How Long Have Sharks Been Shark-y? – #UREES270 – 2018

Coates, Finarelli, Sansom, Andreev, Criswell, Tietjen, Rivers, and La Riviere, 2018, An early chondrichthyan and the evolutionary assembly of a shark body plan: Proceedings of the Royal Society B, v. 285, 20172418

What’s it about?

This paper provides a new description of a 385-million-year-old fish called Gladbachus. This fish has characteristics of what we consider sharks and other characteristics that align it with placoderms and bony fishes. With this new description, the authors do a new cladistic analysis that shows what the primitive shark condition looked like and also shows that an enigmatic group called the Acathodii are likely along the same lineage as sharks.

Why does it matter?

As scientists, we wonder when certain characteristics of major groups of organisms arose. In the case of sharks, the arrangement of gill slits is unique, and with this new analysis, is one of the fundamental differences between the entire lineage leading to sharks and all other bony fish.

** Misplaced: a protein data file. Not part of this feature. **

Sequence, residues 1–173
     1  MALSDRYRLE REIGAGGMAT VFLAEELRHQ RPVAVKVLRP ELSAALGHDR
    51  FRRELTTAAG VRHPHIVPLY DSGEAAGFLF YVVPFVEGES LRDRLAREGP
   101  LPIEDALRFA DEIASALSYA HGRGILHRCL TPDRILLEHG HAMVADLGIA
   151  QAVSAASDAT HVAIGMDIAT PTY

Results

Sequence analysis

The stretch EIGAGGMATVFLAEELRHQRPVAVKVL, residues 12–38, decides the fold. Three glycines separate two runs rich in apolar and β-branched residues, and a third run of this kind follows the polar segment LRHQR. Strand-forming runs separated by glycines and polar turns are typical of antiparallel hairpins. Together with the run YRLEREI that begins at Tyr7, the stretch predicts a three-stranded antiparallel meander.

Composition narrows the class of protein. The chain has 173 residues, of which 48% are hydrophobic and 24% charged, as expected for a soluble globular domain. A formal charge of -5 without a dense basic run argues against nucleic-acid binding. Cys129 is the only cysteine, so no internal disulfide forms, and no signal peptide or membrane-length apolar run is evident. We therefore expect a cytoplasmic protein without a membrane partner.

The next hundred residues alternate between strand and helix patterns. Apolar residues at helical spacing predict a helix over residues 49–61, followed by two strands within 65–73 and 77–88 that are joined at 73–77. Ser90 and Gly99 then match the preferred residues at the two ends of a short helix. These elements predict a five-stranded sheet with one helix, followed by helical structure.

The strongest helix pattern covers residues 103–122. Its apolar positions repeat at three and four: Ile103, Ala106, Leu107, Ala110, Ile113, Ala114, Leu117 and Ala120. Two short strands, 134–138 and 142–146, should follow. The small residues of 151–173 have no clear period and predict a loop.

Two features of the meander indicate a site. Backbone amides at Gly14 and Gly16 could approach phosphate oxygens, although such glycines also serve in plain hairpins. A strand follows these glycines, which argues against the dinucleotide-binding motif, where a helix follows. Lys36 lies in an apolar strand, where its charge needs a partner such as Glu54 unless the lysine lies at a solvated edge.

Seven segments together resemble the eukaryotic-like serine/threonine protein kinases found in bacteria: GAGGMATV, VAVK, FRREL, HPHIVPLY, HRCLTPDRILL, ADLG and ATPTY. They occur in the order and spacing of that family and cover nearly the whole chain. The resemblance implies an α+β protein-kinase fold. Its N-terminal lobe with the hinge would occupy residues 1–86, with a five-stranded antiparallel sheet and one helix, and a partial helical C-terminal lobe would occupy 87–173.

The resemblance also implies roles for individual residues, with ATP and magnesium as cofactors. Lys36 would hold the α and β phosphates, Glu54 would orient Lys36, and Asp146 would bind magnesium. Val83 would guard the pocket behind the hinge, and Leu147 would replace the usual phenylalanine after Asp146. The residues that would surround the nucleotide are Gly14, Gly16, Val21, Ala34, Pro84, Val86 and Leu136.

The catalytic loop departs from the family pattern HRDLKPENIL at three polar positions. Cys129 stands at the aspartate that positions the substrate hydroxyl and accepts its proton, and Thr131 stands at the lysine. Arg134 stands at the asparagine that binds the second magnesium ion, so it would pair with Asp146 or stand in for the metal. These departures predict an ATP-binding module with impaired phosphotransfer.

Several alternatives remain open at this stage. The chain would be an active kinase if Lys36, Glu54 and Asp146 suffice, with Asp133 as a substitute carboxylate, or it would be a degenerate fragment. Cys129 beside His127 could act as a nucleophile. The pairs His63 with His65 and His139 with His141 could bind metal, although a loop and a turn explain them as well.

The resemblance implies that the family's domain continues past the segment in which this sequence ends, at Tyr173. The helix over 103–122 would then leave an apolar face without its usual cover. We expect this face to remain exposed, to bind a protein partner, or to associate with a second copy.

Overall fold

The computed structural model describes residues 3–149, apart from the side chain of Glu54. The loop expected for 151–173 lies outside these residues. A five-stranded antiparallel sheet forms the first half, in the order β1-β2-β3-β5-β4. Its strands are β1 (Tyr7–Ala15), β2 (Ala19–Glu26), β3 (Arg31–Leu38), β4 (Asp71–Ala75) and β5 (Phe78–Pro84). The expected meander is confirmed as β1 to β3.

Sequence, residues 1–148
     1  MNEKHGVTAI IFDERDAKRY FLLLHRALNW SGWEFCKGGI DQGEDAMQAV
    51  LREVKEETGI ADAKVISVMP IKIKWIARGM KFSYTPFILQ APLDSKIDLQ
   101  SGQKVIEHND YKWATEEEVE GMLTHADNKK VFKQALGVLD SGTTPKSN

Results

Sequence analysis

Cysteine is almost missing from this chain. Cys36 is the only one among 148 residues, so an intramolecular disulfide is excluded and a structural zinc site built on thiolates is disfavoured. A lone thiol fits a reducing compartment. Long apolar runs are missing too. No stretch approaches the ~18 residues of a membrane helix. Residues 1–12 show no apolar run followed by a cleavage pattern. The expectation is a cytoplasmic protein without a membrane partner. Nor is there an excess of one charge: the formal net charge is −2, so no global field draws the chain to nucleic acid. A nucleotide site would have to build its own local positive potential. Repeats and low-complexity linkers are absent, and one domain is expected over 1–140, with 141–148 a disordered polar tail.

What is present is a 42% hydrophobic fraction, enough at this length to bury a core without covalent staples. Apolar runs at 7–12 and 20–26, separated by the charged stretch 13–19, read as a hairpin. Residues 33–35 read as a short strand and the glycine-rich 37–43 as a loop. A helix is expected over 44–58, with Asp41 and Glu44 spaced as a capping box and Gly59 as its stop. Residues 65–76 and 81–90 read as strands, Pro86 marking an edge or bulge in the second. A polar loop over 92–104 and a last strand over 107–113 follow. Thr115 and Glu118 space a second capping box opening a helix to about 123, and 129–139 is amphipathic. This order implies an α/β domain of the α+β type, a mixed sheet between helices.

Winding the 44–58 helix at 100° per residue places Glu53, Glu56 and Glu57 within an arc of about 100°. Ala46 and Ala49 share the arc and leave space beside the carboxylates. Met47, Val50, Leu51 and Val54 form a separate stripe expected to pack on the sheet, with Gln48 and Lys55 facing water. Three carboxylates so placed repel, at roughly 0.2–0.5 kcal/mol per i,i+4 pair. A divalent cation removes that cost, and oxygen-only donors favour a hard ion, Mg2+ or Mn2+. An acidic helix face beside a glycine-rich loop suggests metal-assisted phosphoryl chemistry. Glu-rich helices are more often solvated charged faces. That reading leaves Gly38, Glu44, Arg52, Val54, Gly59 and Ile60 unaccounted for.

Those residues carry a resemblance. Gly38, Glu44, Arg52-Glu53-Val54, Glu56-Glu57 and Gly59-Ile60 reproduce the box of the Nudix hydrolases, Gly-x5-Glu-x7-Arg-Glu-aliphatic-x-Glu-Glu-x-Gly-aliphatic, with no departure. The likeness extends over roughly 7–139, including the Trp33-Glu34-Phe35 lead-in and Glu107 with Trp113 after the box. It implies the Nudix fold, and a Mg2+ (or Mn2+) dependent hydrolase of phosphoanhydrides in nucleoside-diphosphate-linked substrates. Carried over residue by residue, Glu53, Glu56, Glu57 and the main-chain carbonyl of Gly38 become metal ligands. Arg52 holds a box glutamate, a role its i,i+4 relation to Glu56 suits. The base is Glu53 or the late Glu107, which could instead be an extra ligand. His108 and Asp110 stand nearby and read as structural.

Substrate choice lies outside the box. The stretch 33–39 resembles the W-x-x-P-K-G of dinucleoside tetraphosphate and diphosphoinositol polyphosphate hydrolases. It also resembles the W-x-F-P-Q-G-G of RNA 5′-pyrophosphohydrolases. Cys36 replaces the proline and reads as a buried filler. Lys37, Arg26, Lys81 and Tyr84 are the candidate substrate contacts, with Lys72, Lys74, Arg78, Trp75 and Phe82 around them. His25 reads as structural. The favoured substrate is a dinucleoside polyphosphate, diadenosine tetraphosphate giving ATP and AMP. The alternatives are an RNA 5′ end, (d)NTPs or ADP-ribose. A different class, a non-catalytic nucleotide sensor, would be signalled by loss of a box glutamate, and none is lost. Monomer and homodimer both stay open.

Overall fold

Why did I read this?

This is required reading for my vertebrate paleontology course this semester for the weekly unit on the classification and evolution of jawed fishes.

Published by paleololigo

Scientist (Paleontology, Geochemistry, Geology); Writer (Speculative and Science Fiction, plus technical and non-technical Science); Mom to great boy on the Autism spectrum; possessor of too many hobbies.

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